Small and Medium Enterprises (SMEs) from the East African Community member States have been encouraged to be innovative to remain competitive.
This emerged during the 19th EAC Juakali/Nguvu Kazi Exhibition in Eldoret where over 1,500 SMEs from the six East African Community member States showcased their products.
The exhibition aimed at promoting intra-regional trade which is currently below 20 per cent in the region. This, is a dismal performance compared to the South African Development Community where intra-regional trade stood at 46 per cent in 2017.
Kenya's Deputy President William Ruto who graced the exhibition said: "We are enhancing regional market linkages, promoting a simplified trade regime to facilitate cross border trade among Micro, Small and Medium Enterprises.
During the opening ceremony of the ten-day exhibition, Cabinet Secretary Industrialisation, Trade and Cooperatives, Peter Munya said the fair provided a platform for enhancing marketing linkages between traders from different corners of the East African region to build new markets, learn new skills and explore new distribution channels.
“We have in place an elaborate training and capacity building programme for the SMEs,” said Mr Munya.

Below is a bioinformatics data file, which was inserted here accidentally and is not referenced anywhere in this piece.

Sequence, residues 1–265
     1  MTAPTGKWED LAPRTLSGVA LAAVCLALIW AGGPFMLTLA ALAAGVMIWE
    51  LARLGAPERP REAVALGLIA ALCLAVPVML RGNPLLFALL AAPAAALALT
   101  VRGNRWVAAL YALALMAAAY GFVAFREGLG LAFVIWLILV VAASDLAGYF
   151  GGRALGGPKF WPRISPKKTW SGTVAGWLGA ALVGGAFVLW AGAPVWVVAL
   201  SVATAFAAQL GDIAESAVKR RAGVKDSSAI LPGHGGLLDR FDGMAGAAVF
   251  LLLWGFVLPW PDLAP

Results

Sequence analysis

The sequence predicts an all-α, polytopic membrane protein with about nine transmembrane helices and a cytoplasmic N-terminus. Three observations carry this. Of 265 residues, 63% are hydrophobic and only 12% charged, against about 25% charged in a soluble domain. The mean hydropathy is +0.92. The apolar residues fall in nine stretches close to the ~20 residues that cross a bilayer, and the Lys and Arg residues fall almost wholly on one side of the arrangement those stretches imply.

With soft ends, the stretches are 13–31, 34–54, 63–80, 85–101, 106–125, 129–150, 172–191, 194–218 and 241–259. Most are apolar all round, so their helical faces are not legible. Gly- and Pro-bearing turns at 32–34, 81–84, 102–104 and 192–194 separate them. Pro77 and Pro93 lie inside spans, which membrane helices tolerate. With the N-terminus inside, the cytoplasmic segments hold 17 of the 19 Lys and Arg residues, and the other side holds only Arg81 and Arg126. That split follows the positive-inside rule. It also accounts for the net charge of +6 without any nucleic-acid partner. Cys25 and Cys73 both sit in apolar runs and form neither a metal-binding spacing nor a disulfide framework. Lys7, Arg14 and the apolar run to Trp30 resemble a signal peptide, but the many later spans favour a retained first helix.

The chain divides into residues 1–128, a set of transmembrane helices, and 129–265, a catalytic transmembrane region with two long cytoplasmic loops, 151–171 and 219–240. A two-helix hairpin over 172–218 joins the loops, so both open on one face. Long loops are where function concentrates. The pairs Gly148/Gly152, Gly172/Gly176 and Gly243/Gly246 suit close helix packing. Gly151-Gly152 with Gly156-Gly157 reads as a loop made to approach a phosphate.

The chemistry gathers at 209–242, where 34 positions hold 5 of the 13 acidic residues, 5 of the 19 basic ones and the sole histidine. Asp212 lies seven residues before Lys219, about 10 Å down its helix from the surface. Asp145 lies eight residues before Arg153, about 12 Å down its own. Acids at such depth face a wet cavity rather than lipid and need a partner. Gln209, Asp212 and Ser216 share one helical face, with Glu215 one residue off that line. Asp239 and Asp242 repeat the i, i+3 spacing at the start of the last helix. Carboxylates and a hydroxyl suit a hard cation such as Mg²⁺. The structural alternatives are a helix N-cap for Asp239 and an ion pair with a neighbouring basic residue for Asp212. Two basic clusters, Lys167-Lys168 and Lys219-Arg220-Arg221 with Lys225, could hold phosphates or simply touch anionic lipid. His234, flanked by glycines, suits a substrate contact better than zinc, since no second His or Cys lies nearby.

The Juakali Nguvu Kazi exhibition is one of the several initiatives organised by the EAC to strengthen regional integration. The exhibition seeks to improve cross border trade which has received support from German Development Co-operation (GIZ).
Ms Kirsten Focken, GIZ Cluster Coordinator in charge of EAC integration programme said the exhibition created a firm foundation for SMEs to explore new markets, exchange information and address market knowledge gaps that continue to hinder their growth.
“SMEs are highly innovative and are expected to be the biggest beneficiaries if EAC policies and laws are implemented to allow free trade in the region. They account for over 85 per cent of employment creation in EAC region and have contributed to the establishment of a new middle class that is fuelling demand for quality goods and services,” said Dr Focken.
Dr Focken added that E-commerce and technology could accelerate SMEs’ access to international and regional markets.
EAC Director General, Customs and Trade, Kenneth Bagamuhunda said the EAC was keen on developing favourable policies to the growth of the informal sector. He said that the sector had proved to be the engine for economic growth for middle and low income countries.
“SMEs are the incubators of industrial growth and women contribute a large percentage of cross border traders” said Mr Bagamuhunda.
The participants also took part in a capacity building session that targeted to empower them with knowledge, skills and attitudinal change needed for the growth of the informal sector.
The training covered EAC rules, cross border trade laws, product value addition, quality assurance and new opportunities presented by the integration of South Sudan.